Showers and thunderstorms that impacted San Antonio and Austin earlier this morning will continue moving northeast through the Brazos Valley and toward Northeast Texas and East Texas. Severe weather is not anticipated with this activity, but locally heavy rainfall is probable. More widely scattered showers will continue impacting the Edwards Plateau, Hill Country, Central Texas, Brazos Valley, and North Texas through the late morning.
The convective setup this afternoon remains a bit uncertain, but we have a couple players at bat. A warm front is expected to lift north across Central Texas into the Piney Woods of East Texas this afternoon. It wouldn’t be surprising to see it near Interstate 20 from east of Dallas to Shreveport by about 3 PM. The eventual location of the warm front is important since it’ll dictate the northern edge of surface-based instability (more on that in the severe weather section below). A line of thunderstorms may develop as far west as Jacksboro to Goldthwaite by 2 PM. This thin-line of storms may produce gusty winds of 40 to 50 MPH along with very heavy rainfall as it moves east. Should this scenario play out as I timed above the line of storms would be moving through the D/FW Metroplex from west to east during the 3 PM to 5 PM timeframe. There will be a marginal risk of severe weather during that time-frame. By 6 PM the leading edge of the storms will probably be east of the D/FW Metroplex – near Clarksville to Canton to Corsicana and Waco.
Severe Weather Threat This Afternoon/Evening?
The severe weather threat today is conditional on thunderstorms becoming surface-based, or tapping into the more moisture-rich airmass near the surface. The location of the warm front will dictate which storms have that opportunity. Storms along and south of the warm front have a comparatively higher chance of becoming surface based, with a chance of producing some stronger wind gusts of 45 to 60 MPH. Very strong wind-shear is in place in the low, mid, and upper-levels of the atmosphere. The limiting factor for a more widespread/substantial severe weather threat is a typical hindrance this time of year – atmospheric instability, or convective available potential energy (CAPE). With so much moisture in place, the atmosphere is more conducive for heavy rains than severe storms. However, we cannot discount the strong wind shear in place. Even though ‘CAPE’ values are going to be near 300-500 (spring can often times see values over 3500 on a normal day), we need to watch any storms near that warm front.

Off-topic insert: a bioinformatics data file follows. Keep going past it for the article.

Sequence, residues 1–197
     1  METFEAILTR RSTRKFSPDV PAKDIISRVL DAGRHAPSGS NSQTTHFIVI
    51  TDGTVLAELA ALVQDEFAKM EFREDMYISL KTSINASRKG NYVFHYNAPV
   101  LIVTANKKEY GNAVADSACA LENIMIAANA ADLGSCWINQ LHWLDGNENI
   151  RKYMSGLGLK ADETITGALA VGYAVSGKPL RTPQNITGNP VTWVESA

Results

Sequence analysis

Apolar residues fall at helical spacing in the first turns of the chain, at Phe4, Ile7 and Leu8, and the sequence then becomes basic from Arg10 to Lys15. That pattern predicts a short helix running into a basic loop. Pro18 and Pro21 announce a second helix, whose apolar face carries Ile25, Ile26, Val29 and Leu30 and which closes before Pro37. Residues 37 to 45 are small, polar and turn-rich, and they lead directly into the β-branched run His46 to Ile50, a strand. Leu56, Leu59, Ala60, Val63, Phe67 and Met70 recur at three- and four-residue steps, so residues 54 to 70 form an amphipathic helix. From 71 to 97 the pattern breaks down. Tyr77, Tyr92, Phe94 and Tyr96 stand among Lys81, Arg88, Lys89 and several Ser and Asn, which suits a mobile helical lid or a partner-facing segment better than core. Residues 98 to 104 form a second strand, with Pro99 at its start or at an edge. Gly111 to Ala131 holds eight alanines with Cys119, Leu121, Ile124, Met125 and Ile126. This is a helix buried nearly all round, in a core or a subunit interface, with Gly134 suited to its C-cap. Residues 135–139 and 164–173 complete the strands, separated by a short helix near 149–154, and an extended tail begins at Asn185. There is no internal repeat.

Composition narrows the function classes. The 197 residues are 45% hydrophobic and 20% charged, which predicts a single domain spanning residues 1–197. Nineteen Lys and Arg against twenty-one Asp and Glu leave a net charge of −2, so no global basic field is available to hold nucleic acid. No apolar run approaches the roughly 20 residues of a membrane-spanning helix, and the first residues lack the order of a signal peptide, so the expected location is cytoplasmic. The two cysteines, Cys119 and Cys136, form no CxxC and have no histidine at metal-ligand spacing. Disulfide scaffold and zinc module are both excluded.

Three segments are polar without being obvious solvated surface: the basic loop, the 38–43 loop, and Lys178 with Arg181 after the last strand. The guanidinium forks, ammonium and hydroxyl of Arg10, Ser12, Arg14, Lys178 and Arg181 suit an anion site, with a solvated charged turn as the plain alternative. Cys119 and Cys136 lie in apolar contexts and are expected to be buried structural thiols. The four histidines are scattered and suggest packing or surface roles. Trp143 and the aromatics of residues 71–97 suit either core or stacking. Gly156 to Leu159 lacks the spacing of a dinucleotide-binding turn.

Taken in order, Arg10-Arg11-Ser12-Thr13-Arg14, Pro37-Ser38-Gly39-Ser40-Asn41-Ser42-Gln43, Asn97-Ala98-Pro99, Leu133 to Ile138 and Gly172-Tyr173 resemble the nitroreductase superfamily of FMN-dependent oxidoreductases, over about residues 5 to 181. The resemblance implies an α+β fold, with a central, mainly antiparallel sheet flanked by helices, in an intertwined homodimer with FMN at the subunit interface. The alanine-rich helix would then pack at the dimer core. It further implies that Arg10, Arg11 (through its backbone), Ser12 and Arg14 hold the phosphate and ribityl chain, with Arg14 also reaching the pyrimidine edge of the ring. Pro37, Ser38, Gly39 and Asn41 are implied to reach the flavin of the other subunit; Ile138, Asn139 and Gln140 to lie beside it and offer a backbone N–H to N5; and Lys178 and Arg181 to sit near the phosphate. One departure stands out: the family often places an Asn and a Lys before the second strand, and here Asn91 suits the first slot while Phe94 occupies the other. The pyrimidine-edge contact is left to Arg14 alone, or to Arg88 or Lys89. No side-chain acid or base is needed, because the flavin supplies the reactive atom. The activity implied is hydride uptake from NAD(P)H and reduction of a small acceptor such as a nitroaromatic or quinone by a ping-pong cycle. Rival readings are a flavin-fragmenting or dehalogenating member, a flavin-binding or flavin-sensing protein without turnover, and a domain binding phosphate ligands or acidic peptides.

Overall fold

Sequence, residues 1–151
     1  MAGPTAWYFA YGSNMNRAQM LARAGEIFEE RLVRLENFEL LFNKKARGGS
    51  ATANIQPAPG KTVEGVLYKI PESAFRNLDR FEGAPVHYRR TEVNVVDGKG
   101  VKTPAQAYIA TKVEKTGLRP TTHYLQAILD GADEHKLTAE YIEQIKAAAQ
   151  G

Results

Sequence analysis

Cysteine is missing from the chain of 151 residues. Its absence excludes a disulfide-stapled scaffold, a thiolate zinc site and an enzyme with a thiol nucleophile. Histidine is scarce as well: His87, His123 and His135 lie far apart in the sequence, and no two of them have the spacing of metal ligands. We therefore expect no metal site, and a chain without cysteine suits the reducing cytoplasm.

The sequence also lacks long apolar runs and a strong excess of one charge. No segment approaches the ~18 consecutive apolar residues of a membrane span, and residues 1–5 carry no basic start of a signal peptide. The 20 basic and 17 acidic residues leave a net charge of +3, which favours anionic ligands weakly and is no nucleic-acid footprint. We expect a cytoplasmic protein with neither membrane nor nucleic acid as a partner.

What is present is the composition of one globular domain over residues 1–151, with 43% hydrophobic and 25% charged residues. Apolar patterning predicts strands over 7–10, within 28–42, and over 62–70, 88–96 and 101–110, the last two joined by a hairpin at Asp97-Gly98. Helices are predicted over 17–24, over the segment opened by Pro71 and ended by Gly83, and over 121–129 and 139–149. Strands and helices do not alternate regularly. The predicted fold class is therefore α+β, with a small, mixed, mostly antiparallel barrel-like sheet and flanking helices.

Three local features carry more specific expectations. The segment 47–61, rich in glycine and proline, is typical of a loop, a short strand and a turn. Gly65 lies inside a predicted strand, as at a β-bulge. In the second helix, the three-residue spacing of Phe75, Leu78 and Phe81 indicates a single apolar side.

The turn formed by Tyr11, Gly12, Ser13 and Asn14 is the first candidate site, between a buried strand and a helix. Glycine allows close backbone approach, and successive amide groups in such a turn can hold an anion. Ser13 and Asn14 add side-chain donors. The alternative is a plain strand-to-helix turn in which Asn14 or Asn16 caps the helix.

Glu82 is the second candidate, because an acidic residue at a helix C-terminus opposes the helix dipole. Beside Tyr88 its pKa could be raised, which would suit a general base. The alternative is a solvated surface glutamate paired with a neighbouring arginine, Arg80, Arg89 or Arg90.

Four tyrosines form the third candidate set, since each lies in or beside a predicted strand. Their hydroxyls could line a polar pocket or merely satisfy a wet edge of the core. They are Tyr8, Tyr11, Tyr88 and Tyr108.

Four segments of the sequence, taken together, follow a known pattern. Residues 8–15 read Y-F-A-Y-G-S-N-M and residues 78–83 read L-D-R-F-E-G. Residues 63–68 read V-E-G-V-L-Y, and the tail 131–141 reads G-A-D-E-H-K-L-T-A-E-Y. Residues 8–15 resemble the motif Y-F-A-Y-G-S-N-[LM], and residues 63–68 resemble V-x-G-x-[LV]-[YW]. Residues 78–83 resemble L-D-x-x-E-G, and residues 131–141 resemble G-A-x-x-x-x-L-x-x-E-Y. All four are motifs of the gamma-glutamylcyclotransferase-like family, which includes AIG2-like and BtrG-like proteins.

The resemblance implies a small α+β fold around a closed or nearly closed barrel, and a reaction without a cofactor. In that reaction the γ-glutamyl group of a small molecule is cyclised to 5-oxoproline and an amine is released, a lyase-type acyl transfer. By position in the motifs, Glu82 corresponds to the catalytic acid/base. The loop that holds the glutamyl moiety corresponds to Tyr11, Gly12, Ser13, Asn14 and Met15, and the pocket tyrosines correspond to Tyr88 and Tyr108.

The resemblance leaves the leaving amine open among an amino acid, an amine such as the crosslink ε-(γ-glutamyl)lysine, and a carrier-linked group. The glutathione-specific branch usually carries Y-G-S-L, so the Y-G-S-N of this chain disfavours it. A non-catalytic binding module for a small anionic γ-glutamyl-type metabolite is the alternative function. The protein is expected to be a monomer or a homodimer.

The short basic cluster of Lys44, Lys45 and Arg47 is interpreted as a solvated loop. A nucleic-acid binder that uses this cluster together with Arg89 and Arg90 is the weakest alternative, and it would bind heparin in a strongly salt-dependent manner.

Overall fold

A marginal risk of severe weather is forecast by the Storm Prediction Center this afternoon and early evening. Again; the risk is on the low-end of the spectrum. This is not a day where I expect long-lived tornadoes, nor many tornadoes. If anything; if we even had a tornado or two develop today, they’d likely be weak and brief. That would be little consolation if one of them came down your street, so I encourage folks to have a way to receive weather warnings just in case we do see a few tornado warnings today. The highest potential for a brief tornado (relative to the low-end setup) is from Dallas and Hillsboro points east/northeast to Texarkana and Shreveport. The risk for brief tornadoes is conditional on storms actually becoming surface-based long enough to spin-up. Otherwise, some higher winds of 45 to 60 MPH are certainly possible in stronger storms. If confidence increases in a slightly higher corridor of severe weather potential we could see a small level 2 risk introduced in later outlook updates, or the risk area pulled a bit north. As the late Al Moller from the NWS Fort Worth would say – “When it comes to thunderstorms expect the unexpected.” So we’ll keep an eye on things and post updates throughout the day.
This Evening into Tonight
By midnight we should see rain coming to an end, if not concluded entirely, across North Texas, Central Texas, into the Brazos Valley and all points west. A line of showers and perhaps thunderstorms could still be underway from near Texarkana to near Lufkin, with a few showers possible farther southwest. All this activity will continue pushing east and will be outta the picture by sunrise Wednesday. Beneficial rain totals are expected across Northeast Texas, through the Piney Woods of East Texas, back down into the Brazos Valley. Considering Northeast Texas is now in severe drought conditions, this rainfall will really help out.
Looking Ahead toward Christmas
The much-advertised potential winter weather threat that some weather models were showing for this upcoming weekend is no longer expected. There is the potential we could see a few snow flurries from the Texas Panhandle southeast through Texoma on Christmas Eve (Sunday), but that looks quite light at this point with no impacts. The primary impact, and you’ll certainly notice this one, is the very cold airmass expected to arrive in time for Christmas.
These are certainly subject to change based on the timing of a cold front, but we definitely will not be experiencing 70s and 80s for a second Christmas in a row. In fact, temperatures are going to be downright cold. If even colder weather model solutions were to verify these temperatures would need to be lowered in future forecasts, but we’ll deal with that after we get through today’s storm system. The extended range between Christmas Day and New Years looks cold.